Flirting with Fangs is a high concept farce. Heroine Bailey Hamilton writes a successful series of vampire romance novels until her mojo ups and leaves alongside her cheating husband. When a bit of magic brings her brooding vampire hero, Torin Kane, to life complications arise for Bailey’s heart and career.

Brutal honesty – I didn’t care for this book at first. I almost stopped twenty pages in because I hadn’t connected with the book and I’m not sure why. The concept amused me (I happen to be a big fan of Jasper Fforde’s Thursday Next series). I kept reading because I noticed a quirk in the writing that impressed me. Pierson’s use of language changed in a meaningful way. The segments Pierson wrote as a novel by Bailey Hamilton incorporated a more flowery and melodramatic imagery than presented in the story’s “present day.” Torin’s dialogue as Torin-not-written-by-Bailey introduced a third linguistic style.

The contrast between these styles kept me engaged enough that I read on to see how my observation played out. I’m glad I did because the last third of this book is a rollicking laugh out loud farce that combines violence, scatological humor, sex, Halloween, public disaster, public drunkenness and Satan. Yeah, it’s that kind of book. In a standard rating form, I’d give the first part of the book a 3, well written and clever, but not my taste. The later portion full out 5 star absurdism.

I would not be a fan lining up to buy Bailey Hamilton’s books, but I’m open to reading more Peg Pierson.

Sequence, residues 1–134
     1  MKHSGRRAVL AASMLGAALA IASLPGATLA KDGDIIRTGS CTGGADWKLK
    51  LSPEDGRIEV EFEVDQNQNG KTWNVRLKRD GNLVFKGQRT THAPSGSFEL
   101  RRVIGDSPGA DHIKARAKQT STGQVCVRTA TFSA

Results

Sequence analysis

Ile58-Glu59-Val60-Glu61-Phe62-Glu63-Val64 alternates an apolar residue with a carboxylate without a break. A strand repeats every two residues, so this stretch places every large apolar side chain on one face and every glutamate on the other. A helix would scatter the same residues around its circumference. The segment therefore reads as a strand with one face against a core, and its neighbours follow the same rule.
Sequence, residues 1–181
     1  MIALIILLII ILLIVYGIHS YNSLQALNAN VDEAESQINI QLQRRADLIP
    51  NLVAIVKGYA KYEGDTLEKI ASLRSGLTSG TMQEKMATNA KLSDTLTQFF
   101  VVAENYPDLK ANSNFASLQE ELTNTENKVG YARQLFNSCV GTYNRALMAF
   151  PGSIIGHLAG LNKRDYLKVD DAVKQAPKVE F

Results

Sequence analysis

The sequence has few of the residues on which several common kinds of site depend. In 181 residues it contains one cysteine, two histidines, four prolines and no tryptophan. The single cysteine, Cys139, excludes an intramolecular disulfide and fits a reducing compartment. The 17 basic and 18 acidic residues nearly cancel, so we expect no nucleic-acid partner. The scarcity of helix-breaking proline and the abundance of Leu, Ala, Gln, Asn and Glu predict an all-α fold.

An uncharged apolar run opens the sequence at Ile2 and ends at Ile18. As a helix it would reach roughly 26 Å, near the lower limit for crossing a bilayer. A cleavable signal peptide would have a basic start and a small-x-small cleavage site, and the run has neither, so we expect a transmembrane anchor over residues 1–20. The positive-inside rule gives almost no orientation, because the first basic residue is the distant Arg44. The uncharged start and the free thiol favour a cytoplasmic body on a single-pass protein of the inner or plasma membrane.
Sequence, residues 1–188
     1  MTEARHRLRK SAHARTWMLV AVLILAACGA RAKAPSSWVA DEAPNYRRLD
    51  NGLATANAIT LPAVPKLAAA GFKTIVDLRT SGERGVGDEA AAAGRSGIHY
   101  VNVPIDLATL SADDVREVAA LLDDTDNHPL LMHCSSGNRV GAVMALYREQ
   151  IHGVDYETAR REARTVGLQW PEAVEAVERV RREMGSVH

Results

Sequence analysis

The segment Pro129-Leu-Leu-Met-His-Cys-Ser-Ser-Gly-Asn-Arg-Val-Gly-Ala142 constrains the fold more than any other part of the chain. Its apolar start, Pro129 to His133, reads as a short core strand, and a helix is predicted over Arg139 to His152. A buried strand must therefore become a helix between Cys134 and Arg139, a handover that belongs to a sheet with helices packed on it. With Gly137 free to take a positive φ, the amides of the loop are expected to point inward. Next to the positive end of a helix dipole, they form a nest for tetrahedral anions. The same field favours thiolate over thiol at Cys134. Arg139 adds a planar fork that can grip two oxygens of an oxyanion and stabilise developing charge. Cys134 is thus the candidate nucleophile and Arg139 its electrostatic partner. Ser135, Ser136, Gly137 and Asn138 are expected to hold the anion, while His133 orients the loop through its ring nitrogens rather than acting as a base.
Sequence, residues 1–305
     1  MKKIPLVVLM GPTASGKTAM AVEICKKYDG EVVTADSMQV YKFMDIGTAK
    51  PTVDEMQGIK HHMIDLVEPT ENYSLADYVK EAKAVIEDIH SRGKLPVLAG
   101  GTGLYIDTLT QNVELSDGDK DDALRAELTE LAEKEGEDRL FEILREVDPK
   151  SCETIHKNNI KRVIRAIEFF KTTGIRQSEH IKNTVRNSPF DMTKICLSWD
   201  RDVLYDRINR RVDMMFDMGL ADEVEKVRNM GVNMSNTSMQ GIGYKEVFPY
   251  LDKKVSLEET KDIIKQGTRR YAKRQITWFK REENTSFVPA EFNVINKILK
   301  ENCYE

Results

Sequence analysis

You can pick up Flirting with Fangs at Amazon    or Barnes & Noble.

Review: The Confection Connection by Monica Tillery

After one false start, I’m finally posing my first review for The January Project 2015. First up, the brand-spanking-new contemporary romance The Confection Connection by Monica Tillery.

The Confection Connection conforms to not only the essential element of romance – the happily-ever-after but also to a tight focus on the primary romance and how the characters grow and change within and because of that relationship. In this case, Carly Piper and Michael Welch are rival bakers from the same geographic region who once competed for top cake honors in an eliminations style cooking show. A high profile wedding sets them in conflict but in a misunderstanding, the bride-to-be decides they are a couple and she wants her wedding cake made by them.

Ms. Tillery aptly handles the conventions of romance and the path from “They hate each other” to “They love each other” is a believable and satisfying journey.  The characters are complex and well rounded. Michael in particular will remind readers of some of their favorite Food Network personalities. The bride-to-be grew on me after my initial dismissal of her as a crackpot. She is a fun secondary character handled deftly, not obtrusive, but integral to the plot. If you watch a lot of cooking shows on TV, put down the remote and pick up this book, especially when something boring is on, i.e. a recipe not involving sugar or butter.

From the cover and the character professions, I expected this would be more of a foodie book.  For better or worse, it did not make me run to my closest cupcakery for a buttercream fix. When I read food scenes in any book, I want to salivate and vicariously enjoy forbidden treats like peanut butter (I’ve written elsewhere about food allergies in my family).  That’s more my issue as a reader than the fault of the author.